In November EFDSS was invited by innovative music learning organisation Musical Futures to host a Twitter chat as part of their weekly MuFuChats that look at key issues in the world of music education.
We asked “Do schools do enough to link young people to their local cultural heritage?” We wanted to find out about the benefits and barriers of linking young people to their local cultural heritage in education, and celebrate examples of when it has been done well.
The conversation began with questions around the meaning of local cultural heritage. We took UNESCO’s definition of intangible cultural heritage as a starting point and focused on the cultural heritage local to the school. We discussed how intangible cultural heritage isn’t static and that there are many ways of exploring it to develop music and creativity.
It was suggested that young people could learn about their local cultural traditions and then be encouraged to create new music in response. Others spoke about the value of looking at culture in history and that folk songs often give insight into ordinary experiences that the history books don’t cover.
We asked about the barriers and challenges to this work. The response we received was that time is a factor: teachers revealed they are concerned about the lack of time to make links with their local community and do research into local culture.
It seems that teachers might be unaware of, or not open to the musical culture on their doorstep, because of the restraints of the national curriculum. One teacher pointed out that schools often teach world and popular music but are unaware of English folk music.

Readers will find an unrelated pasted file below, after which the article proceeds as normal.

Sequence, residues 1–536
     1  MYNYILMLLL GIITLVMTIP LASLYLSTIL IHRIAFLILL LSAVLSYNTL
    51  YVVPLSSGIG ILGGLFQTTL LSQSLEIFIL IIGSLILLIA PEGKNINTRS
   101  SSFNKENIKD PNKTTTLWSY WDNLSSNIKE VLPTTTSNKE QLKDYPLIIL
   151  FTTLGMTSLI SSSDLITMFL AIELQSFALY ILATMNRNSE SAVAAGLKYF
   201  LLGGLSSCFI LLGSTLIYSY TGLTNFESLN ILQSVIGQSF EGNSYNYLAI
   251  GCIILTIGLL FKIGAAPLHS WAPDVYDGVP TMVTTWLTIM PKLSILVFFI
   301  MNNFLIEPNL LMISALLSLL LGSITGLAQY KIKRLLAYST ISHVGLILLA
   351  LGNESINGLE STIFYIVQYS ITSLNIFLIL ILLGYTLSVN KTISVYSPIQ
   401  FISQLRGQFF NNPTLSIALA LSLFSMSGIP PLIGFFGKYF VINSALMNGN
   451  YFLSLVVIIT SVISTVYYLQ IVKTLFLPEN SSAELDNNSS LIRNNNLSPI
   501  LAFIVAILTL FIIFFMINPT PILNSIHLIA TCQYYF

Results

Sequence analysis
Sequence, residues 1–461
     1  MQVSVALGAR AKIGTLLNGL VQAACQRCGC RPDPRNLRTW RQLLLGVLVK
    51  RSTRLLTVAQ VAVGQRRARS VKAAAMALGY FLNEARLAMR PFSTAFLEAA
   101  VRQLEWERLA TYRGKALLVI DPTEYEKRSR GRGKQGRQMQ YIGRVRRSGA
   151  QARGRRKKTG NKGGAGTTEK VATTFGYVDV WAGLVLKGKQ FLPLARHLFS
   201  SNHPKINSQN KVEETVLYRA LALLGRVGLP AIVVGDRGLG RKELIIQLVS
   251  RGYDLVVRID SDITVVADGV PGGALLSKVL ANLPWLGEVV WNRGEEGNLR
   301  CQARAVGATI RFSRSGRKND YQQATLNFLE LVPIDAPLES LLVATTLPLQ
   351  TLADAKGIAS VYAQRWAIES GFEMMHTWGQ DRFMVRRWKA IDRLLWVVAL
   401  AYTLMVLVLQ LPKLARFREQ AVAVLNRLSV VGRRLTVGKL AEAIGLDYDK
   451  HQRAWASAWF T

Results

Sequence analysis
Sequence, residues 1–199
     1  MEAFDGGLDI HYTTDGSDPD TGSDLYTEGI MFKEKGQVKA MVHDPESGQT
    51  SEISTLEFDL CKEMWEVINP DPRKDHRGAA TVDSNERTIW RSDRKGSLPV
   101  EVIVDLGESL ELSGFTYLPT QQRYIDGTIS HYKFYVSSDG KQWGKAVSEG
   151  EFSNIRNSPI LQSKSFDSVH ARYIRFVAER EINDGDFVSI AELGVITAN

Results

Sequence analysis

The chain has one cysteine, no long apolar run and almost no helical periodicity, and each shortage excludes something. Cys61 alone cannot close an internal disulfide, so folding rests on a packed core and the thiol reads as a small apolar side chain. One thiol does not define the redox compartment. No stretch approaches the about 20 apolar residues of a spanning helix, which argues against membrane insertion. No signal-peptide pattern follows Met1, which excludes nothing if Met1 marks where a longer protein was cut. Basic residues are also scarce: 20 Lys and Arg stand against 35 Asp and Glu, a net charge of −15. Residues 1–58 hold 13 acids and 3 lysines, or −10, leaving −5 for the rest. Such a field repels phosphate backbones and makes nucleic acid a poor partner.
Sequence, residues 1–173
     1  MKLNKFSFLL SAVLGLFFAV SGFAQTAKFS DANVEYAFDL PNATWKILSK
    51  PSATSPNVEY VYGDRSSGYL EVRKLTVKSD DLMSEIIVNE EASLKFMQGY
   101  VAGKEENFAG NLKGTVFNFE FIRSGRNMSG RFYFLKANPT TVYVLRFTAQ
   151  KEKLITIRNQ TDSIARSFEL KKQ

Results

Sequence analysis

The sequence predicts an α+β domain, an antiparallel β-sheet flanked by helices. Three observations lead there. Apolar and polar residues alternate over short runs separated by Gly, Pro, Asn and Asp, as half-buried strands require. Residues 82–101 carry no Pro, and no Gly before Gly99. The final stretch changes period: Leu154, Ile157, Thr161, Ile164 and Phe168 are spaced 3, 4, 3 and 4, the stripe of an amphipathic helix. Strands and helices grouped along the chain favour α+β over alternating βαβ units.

The discussion moved on to international versus local heritage. It was suggested that local heritage is informed by personal heritage which, through migration, is often international. It was pointed out that local cultural heritage may be irrelevant for schools that have children from a variety of cultural backgrounds, but one thing that could link the young people is their current geographical location. Anna Gower of Musical Futures wondered whether giving students choice through the Musical Futures informal learning method might encourage them to share music from home, which could bring together local and international influences in the music classroom.
There were some nice examples of when teachers have introduced local cultural heritage into the classroom. We heard about schools in Lincolnshire creating music and art in response to the sailing of the Mayflower, and a Northumbrian folk project at Kings Priory School in Tynemouth. A teacher in Edinburgh is encouraged to teach Scottish music and enjoys playing in the school ceilidh band, and the Research Studies in Music Education Journal cited a school in Australia that links new migrant and refugee children with their heritage and host cultures.
At the end of the discussion, EFDSS did a poll to find out respondents’ opinions on whether schools do enough to link young people to their local cultural heritage and 87% thought not. During the Twitter discussion there were useful suggestions that could help schools to engage more with their local cultural heritage, such as making partnerships with organisations that explore local culture and identity; delving into local library or museum archives; and looking at online digital archives.